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Sadly when it comes to staying loyal to an ISP, customers are too often rewarded with overpayment. We cast a frugal eye over why and how you can make savings instead.
Nobody likes to pay more than they need to, for anything in life. The bill for modern utilities is only rising and for most people keen to budget, every penny or pound needs to count.
Broadband products, much like our mobile phones, are an increasingly essential expense here with most subject to fixed-term contracts. As a result, such services are slightly unique in the way they can find us overpaying by considerable amounts.
In this guide, we will examine how and why this can occur, before identifying several popular strategies for cutting unnecessary costs.
So what is the leading cause for this overpayment?
Typically and most directly, it can be attributed to a failure to recognise and observe the expiry of a minimum contract period.
According to Ofcom figures from May 2019, more than 20 million UK customers were past their minimum contract term for a variety of contractual services. These would span phone and subscription TV, but more crucially a staggering 8.8 million broadband consumers possibly paying over the odds.
After a contract ends, rolling terms then kick in for the foreseeable ongoing basis, but often at a higher cost.
At this time the customer is fundamentally free to “shop around” for a cheaper option, switch vendors or indeed negotiate a better deal with the current provider.
However, many of us fail to take advantage of this opportunity.
The irony here is that such potential overpayment for broadband can be seen as a penalty for showing loyalty to a provider. “Why do I keep seeing incentive deals for new customers and nothing for loyal ‘ol me?”
If you find yourself asking those sorts of questions after passing current contract terms, then you could be in the driving seat. With Ofcom figures also asserting that average savings could be as much as £100 per year, don’t underestimate the value in politely challenging your existing provider first.
You might have a special relationship with a broadband company you trust. In all other ways they deliver good service, so while you want to stay they want to keep you.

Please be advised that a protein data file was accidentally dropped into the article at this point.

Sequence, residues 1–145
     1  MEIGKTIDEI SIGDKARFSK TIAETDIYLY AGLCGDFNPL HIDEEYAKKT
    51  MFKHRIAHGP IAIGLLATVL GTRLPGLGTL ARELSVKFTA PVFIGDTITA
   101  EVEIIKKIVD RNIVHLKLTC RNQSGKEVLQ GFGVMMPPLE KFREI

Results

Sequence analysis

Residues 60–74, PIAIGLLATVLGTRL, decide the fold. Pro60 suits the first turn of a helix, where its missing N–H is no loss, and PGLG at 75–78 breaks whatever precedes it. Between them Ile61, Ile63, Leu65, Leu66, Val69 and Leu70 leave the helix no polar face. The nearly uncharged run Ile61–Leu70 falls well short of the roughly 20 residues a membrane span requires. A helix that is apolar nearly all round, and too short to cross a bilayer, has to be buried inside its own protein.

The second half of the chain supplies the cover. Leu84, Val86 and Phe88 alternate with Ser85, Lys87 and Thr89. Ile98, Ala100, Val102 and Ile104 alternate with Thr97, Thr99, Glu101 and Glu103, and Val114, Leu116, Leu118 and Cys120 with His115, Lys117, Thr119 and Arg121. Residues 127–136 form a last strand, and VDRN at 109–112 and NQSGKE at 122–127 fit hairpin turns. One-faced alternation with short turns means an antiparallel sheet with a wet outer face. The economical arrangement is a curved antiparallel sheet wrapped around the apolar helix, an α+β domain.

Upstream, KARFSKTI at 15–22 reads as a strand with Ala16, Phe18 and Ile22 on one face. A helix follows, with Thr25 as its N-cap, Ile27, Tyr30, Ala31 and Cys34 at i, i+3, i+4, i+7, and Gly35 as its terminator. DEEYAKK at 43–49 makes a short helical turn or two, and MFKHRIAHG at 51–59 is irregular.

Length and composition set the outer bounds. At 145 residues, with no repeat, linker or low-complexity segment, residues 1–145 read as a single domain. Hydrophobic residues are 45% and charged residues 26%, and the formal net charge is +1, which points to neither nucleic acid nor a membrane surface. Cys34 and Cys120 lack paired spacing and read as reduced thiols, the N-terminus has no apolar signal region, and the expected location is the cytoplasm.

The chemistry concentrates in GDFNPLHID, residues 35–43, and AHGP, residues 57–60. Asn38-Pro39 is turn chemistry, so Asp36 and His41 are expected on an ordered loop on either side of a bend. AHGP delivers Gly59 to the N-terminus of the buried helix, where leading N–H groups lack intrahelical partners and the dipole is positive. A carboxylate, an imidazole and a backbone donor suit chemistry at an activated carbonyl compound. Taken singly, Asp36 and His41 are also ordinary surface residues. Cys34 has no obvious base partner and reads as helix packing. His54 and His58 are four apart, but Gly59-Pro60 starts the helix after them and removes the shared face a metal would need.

To start with, never underestimate the effectiveness of haggling.
Speaking to your current provider, over the phone preferably, is a must-try tactic when trying to secure a cheaper deal.
However, you don’t want to go into a conversation uniformed. Not only should you know and be able to recite what you currently pay, but also versus what you could be paying if you switched to a cheaper provider. Do some price comparisons with rival providers, find those that undercut your current deal and use that information to haggle.
Remember that cheaper broadband is like anything in life, you don’t get if you don’t ask!
Often the assertion you plan to leave a provider is enough to secure an improved, cheaper deal to keep you.
While it’s true you will be asked to sign a new contract subject to new minimum terms, if you’re happy then great!
However, sometimes staying loyal can’t match a better offer elsewhere and switching providers is the way forward. If you had experienced difficulties or dissatisfaction with a current provider previously, then being out of contract is the ideal chance to swap.
Broadband price comparison websites such as Broadband Genie are ideal for shopping around and starting the switching process. Just be sure to not only compare price but all the equivalent package specs and indeed any setup or installation costs to factor in.
One of the more popular ways that broadband providers like BT, Sky and Virgin market services more “cheaply” is with bundles.
These packages tie fast fibre-based internet to on-demand TV and telephony products to consolidate your bills. You can read more about fibre broadband here.
While on the surface this bundling may seem more cost-effective, generally this is true, it depends on your needs. A good tip is to think about your usage habits now and not be coerced into adding unwanted extras under the perception a more expensive bundle is better value.
Bundles can also tend to offer free rewards for new customer signups, which is another bonus worth considering.
Everybody loves the carrot of vouchers and freebies. The leading broadband providers know this and regularly entice with various promotional partnerships, Amazon gift cards and the like.
Often these can be persuasive and if they make a material practical difference in your existing spending habits, worth considering towards potential savings.
For instance, a £100 spending voucher with a retailer you already shop with could be enough to effectively constitute three months of free broadband at £33 per month.
Additionally, some service packages pass on limited-term discounts or the waving of setup fees. Look at these carefully and remember to think about where prices leap to after the discount expires, while also factoring in all deals and “freebies” when comparing deals.
As people borrow money based on the information found on this website, we understand the importance of making the most of your money and getting the very best value. We hope you found the post useful?